The Indian Removal Act and the Mexican War were both drastic times in history where many lives were lost for reasons many people do not understand. North Americas colonization is the main reason for conflict between white settlers and Native Americans. The Proclamation of 1763 stated that the colonists had to stay east of the Appalachian Mountains, and the land west of the Appalachian Mountains was for the Native Americans. By the 1800’s, this eventually caused overcrowding in the cities and many people wanted to move to the Native Americans land. General Andrew Jackson was involved in the first Seminole War when he took action and tried to take possession of the Seminole-held fort from the Spanish and Indian tribes in Prospect Bluff, Florida. …show more content…
Congress basically gave permission to Jackson to offer tribes land west of the Mississippi River for their land east of the river. People thought this offer was indulgent, but the Native Americans wouldn’t give up their homes effortlessly. The government used unfair strategies to get tribes to agree with the offer. The Fox and Sauk tribes’ leader, Chief Black Hawk, was one of the governments first fool to fall into their trap. He refused to respect the treaty to give their land to the US, but agreed to move west of the Mississippi River to land in Iowa. In extreme distress because of his decision he led his tribe back to the original location. The government sent a large number of troops to kill off all women, men and children who couldn’t keep up with the proceeding army, this was known as the Black Hawk’s War. Black Hawk was detained after the tribes were beat at the Bad Axe Massacre and he was enforced to sign a treaty that caused the rest of the Fox and Sauk tribes to move to an area west of the Mississippi. The Creek Indians refused to leave their sacred grounds for four years until strain gave the government an opening to win them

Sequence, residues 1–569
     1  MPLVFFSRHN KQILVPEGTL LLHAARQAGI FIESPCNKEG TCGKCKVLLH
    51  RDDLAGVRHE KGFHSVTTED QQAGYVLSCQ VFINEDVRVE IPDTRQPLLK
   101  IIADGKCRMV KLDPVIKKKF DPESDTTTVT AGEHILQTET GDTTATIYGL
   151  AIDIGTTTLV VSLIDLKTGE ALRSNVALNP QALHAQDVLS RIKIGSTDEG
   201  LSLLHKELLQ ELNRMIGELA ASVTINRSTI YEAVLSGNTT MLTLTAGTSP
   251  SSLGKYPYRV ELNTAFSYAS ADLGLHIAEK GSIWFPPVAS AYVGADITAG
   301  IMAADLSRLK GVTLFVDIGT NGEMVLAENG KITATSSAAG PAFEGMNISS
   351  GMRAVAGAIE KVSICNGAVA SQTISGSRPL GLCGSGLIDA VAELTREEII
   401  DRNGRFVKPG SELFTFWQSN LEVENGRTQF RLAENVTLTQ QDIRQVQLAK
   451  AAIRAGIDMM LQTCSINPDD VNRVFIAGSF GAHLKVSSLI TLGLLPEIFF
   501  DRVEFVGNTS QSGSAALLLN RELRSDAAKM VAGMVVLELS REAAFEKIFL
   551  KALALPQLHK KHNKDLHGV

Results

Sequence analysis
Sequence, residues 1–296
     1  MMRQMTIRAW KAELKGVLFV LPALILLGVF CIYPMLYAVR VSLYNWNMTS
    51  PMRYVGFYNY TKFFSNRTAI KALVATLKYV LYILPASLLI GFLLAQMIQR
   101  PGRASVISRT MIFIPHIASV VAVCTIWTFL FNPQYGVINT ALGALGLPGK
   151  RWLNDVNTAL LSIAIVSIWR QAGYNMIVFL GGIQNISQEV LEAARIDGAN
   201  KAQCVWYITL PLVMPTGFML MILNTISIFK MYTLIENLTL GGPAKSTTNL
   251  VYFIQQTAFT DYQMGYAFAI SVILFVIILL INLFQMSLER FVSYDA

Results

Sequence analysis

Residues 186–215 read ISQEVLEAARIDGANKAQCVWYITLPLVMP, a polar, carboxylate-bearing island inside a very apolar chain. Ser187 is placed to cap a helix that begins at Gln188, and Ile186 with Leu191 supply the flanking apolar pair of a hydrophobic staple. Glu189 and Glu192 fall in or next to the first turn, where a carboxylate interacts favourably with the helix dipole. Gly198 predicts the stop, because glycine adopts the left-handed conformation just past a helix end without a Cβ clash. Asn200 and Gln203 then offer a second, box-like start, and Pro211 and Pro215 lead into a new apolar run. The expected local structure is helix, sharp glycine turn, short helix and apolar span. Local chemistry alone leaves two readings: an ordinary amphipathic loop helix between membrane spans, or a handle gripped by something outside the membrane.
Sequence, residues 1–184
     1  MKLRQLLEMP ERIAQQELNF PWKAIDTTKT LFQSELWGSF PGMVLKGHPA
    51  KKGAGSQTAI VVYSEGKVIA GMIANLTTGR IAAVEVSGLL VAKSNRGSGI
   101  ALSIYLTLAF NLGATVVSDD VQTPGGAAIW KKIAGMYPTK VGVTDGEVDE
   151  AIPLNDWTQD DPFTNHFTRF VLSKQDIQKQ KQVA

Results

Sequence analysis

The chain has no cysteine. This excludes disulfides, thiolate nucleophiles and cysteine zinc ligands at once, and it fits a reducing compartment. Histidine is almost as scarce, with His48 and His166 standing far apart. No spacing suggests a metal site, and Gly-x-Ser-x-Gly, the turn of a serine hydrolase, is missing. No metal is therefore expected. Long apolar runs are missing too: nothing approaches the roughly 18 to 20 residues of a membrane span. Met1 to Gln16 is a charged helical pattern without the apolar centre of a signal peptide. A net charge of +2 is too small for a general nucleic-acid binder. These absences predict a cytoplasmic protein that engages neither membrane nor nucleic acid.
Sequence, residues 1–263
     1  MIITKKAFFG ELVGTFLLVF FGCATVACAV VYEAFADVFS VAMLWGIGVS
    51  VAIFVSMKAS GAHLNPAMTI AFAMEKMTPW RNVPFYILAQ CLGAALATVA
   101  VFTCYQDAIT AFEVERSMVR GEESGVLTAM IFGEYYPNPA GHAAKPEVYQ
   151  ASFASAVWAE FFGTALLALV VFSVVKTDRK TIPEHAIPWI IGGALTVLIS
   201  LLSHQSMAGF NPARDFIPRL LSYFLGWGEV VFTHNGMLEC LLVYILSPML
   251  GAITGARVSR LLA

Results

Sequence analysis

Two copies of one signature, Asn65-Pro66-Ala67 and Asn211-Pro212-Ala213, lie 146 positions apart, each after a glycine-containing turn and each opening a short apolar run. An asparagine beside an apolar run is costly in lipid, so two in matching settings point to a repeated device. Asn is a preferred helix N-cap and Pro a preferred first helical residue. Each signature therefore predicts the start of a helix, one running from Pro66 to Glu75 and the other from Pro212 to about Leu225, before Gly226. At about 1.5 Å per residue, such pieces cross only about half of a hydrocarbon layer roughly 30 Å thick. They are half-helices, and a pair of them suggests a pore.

They believed the movement would inspire the clans to come together and start a war. The U.S was prepared to prevent the Ghost Dance movement from expanding any further. The government took immediate action and deployed troops to end this movement. Brown goes on to say that after the death of Sitting Bull, the Native Americans no longer felt safe, nor did they trust the new neighbors. Chief Big Foot tried to flee with his people to Pine Ridge Reservation for safety, only to be captured by the 7th Calvary.